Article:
Effects of Surface Compliance on Shock Boundary Layer Interaction in the Caltech Mach 4 Ludwieg Tube
Understanding the effects of fluid-structure interactions caused by turbulent boundary layers and shock boundary layer interactions, on thin, compliant, structures is crucial for developing light-weight, reusable, high-speed vehicles. In this work, flow structures in a Mach 4 boundary layer are first studied over i) rigid flat plates to establish a baseline and ii) statically deformed geometries to investigate the flow response to surface deformation over longer time scales. Next, the flow response over a compliant steel panel under static and dynamic loading from an oscillating shock generator is investigated. Euler simulations are performed to design the geometry and location of the shock generator in the Caltech Mach 4 Ludwieg tube test section, predict the amplitude of the oscillation required to drive the pressure wave across the compliant surface, and to calculate the pressure rise on the compliant surface due to the dynamic load. Schlieren video, fast response pressure sensitive paint profiles, and laser displacement sensor measurements of the response of a 0.2 mm thick steel panel to loading from the shock generator are discussed and compared to similar measurements of the rigid case. The compliant panel center point deforms by nearly 4 panel thicknesses under these conditions and results in a flattened and elongated separation region at the interaction location and lower static pressure on the panel surface when compared to the rigid panel case.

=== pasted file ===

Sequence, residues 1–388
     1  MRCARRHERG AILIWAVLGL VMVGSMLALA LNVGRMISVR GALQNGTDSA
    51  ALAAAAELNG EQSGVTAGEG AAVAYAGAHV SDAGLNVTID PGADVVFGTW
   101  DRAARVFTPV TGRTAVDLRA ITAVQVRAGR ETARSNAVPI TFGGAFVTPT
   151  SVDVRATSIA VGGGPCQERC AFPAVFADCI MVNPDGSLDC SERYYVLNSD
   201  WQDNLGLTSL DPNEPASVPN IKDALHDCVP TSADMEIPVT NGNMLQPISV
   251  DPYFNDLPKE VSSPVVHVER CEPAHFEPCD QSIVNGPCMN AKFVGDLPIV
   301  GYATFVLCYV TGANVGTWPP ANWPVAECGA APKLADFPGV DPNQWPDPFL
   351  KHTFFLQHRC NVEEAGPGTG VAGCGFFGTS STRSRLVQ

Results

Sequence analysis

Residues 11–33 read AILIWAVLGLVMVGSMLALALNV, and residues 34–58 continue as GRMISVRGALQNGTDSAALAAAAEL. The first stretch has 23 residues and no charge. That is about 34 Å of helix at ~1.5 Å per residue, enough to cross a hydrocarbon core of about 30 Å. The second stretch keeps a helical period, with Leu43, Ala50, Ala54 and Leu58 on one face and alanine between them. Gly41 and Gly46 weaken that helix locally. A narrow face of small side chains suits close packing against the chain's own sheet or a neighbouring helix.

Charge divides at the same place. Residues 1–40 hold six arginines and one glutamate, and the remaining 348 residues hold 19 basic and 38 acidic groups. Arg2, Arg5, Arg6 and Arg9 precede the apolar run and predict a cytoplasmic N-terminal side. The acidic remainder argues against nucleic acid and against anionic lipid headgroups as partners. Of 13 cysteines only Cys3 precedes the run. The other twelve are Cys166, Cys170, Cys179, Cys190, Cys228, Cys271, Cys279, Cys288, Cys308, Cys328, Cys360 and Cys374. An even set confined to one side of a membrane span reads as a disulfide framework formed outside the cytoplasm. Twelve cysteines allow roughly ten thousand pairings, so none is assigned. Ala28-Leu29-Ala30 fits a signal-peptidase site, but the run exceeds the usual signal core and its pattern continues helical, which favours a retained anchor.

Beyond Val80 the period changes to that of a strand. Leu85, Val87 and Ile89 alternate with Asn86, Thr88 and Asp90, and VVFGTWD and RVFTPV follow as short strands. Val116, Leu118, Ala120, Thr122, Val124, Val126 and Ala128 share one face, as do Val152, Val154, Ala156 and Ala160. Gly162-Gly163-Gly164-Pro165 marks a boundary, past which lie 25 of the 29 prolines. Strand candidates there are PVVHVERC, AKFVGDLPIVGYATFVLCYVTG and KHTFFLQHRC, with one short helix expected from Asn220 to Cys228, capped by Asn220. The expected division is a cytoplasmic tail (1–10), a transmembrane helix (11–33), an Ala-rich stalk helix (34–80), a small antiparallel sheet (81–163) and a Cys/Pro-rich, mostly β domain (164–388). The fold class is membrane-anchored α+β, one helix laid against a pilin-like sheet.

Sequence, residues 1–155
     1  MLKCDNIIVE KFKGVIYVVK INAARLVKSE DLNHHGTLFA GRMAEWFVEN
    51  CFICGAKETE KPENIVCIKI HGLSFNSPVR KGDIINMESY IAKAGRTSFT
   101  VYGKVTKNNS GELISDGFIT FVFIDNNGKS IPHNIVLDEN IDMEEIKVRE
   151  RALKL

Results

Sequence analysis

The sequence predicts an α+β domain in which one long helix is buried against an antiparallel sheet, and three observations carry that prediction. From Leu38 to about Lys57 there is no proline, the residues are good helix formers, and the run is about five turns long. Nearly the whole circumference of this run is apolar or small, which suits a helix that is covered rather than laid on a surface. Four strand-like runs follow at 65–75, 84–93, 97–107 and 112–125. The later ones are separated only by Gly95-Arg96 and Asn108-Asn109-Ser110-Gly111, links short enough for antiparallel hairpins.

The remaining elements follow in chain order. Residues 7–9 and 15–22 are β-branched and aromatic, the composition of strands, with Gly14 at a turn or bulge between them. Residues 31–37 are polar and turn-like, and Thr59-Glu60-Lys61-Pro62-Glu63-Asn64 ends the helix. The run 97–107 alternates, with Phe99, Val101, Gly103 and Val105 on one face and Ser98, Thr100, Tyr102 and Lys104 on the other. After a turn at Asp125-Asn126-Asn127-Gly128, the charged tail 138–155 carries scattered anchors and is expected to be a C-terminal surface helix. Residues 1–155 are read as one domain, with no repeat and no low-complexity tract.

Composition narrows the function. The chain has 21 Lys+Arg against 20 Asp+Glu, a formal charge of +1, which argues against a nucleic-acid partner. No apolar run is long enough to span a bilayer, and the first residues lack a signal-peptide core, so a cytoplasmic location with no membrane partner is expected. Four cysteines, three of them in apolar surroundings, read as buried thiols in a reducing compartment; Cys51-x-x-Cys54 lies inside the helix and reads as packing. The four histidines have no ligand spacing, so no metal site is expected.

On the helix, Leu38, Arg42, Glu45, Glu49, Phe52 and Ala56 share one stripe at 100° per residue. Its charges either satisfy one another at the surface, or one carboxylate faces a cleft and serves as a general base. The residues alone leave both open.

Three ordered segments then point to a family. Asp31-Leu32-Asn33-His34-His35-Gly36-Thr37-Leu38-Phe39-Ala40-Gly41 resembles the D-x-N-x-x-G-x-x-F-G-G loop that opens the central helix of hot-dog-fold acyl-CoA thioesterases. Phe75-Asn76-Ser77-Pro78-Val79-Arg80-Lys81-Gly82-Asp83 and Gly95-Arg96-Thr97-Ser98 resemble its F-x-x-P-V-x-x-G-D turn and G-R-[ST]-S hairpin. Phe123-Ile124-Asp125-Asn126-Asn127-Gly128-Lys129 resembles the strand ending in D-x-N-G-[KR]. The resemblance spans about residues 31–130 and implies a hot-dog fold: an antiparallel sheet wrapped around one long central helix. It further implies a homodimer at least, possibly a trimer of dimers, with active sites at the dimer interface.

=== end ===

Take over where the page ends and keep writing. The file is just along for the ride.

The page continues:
© 2020 American Institute of Aeronautics and Astronautics. Published Online: 5 Jan 2020.